Image seen on Melissa’s Wild Parma Adventures

Tips to Prevent Tipping

Let’s get serious for a minute, shall we? Thanks to the CPSC, I just found out that one child dies every two weeks due to furniture tipping over. One every two weeks! I love furniture, but ugh. And apparently that number is on the rise, which means something has got to give. Sometimes, when furniture keels over, the worst that happens is that you lose some books and objets d’art. But when you have kids, and they’re the ones doing the tipping, you can lose something so much more important.

Scary stuff, no? So if you have kids, take a few minutes to check your furniture and appliances to make sure that they’re secure and stable.

  • Furniture should be stable on its own. For added security, anchor chests, dressers, TV stands, bookcases and entertainment units to the floor or attach them to a wall with an anti-tipping straps.
  • Place TVs on a sturdy, low-rise base. Avoid flimsy shelves. Always check weight limits when buying a new TV stand, and don’t use dressers as TV stands.
  • Push the TV as far back on its stand as possible. To avoid temptation, push other interesting objects like DVD players and lamps as far back on furniture as possible, too.
  • Place electrical cords out of a child’s reach and teach kids not to play with them. Avoid cluttering up outlets or using power strips as much as possible since these can make it easier to pull multiple items off of shelves.
  • Keep remote controls and other attractive items off TV stands so kids won’t be tempted to grab for them and risk knocking the TV over.
  • Make sure free-standing ranges and stoves are installed with anti-tip brackets.
  • Install drawer stops so kids can’t pull them out more than two-thirds of the way, and choose furniture with wide, flat bases instead of legs.

Can the parents or caregivers out there suggest any I may have forgotten? Pretty please?

Poll: Does Finished Really Mean Finished?

I have a good friend who moved into her house (which is a lot like mine in terms of size and shape except for a few additions and swapped doorways) way before I did but has way more bare walls and surfaces not being used to display stuff. My impression was always that her decor choices were entirely intentional. While I can’t seem to see a bare wall or buffet top without immediately thinking of something that would just be perfect there, I also like the clean, uncluttered look that many people prefer. As it turns out, however, my friend’s decor style actually isn’t her style!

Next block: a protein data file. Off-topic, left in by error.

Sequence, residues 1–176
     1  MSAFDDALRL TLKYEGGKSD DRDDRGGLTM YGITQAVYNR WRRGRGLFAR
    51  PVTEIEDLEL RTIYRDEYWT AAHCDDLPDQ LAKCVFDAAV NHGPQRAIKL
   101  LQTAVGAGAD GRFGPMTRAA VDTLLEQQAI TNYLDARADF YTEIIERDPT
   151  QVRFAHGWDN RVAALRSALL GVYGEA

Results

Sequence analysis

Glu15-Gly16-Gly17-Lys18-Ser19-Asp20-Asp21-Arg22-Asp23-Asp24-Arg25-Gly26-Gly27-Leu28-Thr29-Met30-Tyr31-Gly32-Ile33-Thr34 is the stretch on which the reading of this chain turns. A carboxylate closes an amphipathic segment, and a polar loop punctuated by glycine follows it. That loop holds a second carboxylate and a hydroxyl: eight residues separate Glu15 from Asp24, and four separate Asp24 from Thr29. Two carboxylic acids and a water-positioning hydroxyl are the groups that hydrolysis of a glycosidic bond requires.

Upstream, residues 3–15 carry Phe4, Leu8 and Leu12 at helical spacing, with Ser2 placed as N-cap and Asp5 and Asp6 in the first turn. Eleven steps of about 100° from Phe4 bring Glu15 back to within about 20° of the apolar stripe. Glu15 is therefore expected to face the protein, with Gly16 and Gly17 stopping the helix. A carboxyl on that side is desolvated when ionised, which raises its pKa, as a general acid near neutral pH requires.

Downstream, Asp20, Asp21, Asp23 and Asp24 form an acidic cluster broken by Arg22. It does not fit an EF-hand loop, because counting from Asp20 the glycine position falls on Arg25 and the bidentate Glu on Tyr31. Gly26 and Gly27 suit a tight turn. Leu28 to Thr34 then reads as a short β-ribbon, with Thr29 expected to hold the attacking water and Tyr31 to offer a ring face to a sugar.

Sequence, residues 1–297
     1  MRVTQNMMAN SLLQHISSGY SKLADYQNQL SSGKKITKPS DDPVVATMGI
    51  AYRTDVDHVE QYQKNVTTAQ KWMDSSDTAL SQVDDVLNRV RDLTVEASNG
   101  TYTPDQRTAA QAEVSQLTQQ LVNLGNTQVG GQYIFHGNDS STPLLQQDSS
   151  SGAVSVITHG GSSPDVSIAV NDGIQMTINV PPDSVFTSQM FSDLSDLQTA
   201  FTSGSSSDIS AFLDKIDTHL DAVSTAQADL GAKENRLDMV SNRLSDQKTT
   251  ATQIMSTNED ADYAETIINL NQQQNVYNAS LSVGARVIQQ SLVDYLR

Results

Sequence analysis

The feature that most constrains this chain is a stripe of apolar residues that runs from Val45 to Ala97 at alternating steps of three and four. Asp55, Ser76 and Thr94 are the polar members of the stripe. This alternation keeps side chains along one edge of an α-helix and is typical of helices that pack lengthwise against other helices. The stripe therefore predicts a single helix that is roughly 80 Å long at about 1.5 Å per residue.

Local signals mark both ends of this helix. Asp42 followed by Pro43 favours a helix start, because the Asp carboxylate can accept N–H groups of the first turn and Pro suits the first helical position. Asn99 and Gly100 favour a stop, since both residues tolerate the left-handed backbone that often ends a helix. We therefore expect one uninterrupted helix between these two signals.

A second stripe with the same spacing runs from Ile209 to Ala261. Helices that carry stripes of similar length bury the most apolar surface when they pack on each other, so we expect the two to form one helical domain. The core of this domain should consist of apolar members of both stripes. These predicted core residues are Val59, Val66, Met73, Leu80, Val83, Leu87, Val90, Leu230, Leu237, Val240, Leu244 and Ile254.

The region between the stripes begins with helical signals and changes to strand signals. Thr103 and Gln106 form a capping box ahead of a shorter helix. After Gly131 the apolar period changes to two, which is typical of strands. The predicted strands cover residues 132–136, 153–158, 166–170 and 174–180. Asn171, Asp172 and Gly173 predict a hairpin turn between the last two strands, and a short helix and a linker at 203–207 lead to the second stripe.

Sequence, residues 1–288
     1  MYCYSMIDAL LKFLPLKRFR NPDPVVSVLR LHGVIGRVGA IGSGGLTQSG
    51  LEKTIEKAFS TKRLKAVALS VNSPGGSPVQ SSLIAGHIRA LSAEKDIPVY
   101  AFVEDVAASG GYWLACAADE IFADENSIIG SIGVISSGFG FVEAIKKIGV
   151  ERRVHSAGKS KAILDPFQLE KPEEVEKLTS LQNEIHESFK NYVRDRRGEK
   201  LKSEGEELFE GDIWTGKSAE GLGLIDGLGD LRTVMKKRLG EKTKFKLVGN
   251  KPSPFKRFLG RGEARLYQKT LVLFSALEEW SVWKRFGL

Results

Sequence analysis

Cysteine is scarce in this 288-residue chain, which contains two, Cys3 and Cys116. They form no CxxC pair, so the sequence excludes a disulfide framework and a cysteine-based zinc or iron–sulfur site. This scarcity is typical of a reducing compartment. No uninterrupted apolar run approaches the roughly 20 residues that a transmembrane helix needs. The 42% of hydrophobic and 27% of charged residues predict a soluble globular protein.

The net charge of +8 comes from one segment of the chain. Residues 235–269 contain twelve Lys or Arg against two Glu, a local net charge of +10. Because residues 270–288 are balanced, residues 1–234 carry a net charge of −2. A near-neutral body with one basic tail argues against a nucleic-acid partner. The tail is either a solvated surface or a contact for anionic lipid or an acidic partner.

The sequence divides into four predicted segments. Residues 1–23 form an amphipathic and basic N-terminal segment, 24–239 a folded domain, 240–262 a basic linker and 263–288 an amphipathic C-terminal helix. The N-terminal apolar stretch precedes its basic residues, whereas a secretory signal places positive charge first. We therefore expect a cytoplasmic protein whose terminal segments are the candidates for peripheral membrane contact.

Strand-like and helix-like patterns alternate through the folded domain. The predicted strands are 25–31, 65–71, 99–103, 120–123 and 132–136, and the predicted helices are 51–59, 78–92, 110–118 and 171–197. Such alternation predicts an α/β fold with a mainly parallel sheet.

She admitted to me one day that there are all kinds of things she wants to do to her house to make it her own. But she doesn’t actually want to do any of them until she can do all of them because she doesn’t like that ‘in transition’ feeling. She’s much more interested in achieving what I call a finished-finished look, i.e., a decor scheme that is put in place and then remains unaltered until it’s time for a complete overhaul. I, on the other hand, am one of those people who is always shopping her own house for things that would fit better in other rooms. I don’t know quite how I want everything to look, but I know it when I see it, enabling me to take advantage of things like $1 signs at the thrift shop.

My friend has a concrete idea for her home. My dream house is always evolving, which is why I’m still making inspiration boards for my daughter’s room when her room is, in the eyes of everyone we know, done for now. Finished-finished, in other words.

But if my living room and bedroom (currently non-existant, but whatevs) and my kitchen will never be finished-finished, why should my daughter’s room be considered done? I like an evolving house – besides the fact that little touches keep things fresh, I will probably never have to do a complete room overhaul. Something, I hasten to add, I doubt I’ll ever be able to afford. But that’s just my way of keeping a home. As outlined above, it’s certainly not the only way, which is why I want to hear about YOUR way. Do you wait until you can whip up a whole perfect room or do you decorate and then redecorate in bits and pieces?

(Images via: Little Crown Interiors, Zachary Dickory Dock, Sproutstyle, Sugabee Lane, Modern Pea Pod, Cookie Dough Designs, and Sweet Retreat Kids)

Little Known Ways to Hack Your Furniture: Eames High Chair

For those of us who love old design and sweet design and timeless design, but also DIY ingenuity, how totally boss is this Eames Hack? Eames chair turned high chair? Yes, please!

From the artists:

Through physically invasive alterations, these once iconic, elite, forms are liberated from their old, restrained image. The project is not a critique of the Eames, but rather a fulfillment of their original ideals.

This project was produced as part of a three day charette in the Department of Industrial Design at The University of the Arts, Philadelphia. The theme of the charette centers around Remake and DIY culture. The purpose of this charette is to explore the role designers have in respect to this emerging culture. The team members for this project are as follows: Jared Delorenzo, Tim Peet, Alexandra Temple Powell, Tom Reynolds, Alie Thomer, and Andrew McCandlish.

From a parental perspective, however, my main criticism of the Eames chair as a high chair would be good luck getting a tricksy toddler’s legs through those holes when she was pitching a fit.